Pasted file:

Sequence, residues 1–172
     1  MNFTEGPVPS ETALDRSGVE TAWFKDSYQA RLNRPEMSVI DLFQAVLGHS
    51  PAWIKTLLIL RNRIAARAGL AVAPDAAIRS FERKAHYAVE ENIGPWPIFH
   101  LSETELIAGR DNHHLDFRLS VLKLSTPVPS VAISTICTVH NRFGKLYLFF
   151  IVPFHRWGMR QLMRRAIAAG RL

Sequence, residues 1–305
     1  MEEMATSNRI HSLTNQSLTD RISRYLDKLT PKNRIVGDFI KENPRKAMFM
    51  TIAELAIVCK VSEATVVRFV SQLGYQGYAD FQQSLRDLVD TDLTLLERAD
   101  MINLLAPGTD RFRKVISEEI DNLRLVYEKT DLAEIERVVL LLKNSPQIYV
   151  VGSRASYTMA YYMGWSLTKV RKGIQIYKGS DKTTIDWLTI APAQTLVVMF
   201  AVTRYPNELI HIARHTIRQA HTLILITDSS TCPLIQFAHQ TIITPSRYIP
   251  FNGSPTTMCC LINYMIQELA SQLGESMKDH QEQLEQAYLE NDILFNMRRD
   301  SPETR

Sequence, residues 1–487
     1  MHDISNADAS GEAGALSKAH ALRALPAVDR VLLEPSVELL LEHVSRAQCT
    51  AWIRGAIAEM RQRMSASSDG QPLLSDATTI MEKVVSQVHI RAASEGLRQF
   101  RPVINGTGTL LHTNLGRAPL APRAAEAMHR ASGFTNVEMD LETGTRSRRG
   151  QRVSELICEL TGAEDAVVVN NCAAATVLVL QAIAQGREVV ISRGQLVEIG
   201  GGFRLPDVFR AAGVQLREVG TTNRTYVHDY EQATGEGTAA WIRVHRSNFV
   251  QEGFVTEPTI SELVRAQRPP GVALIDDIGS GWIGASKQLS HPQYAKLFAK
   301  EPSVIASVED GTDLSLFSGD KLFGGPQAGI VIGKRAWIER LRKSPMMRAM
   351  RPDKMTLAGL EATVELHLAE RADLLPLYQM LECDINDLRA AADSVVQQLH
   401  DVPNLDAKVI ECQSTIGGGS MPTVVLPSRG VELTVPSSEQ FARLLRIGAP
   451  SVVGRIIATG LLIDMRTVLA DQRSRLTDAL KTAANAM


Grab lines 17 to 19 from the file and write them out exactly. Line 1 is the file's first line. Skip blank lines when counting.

   101  RPVINGTGTL LHTNLGRAPL APRAAEAMHR ASGFTNVEMD LETGTRSRRG
   151  QRVSELICEL TGAEDAVVVN NCAAATVLVL QAIAQGREVV ISRGQLVEIG
   201  GGFRLPDVFR AAGVQLREVG TTNRTYVHDY EQATGEGTAA WIRVHRSNFV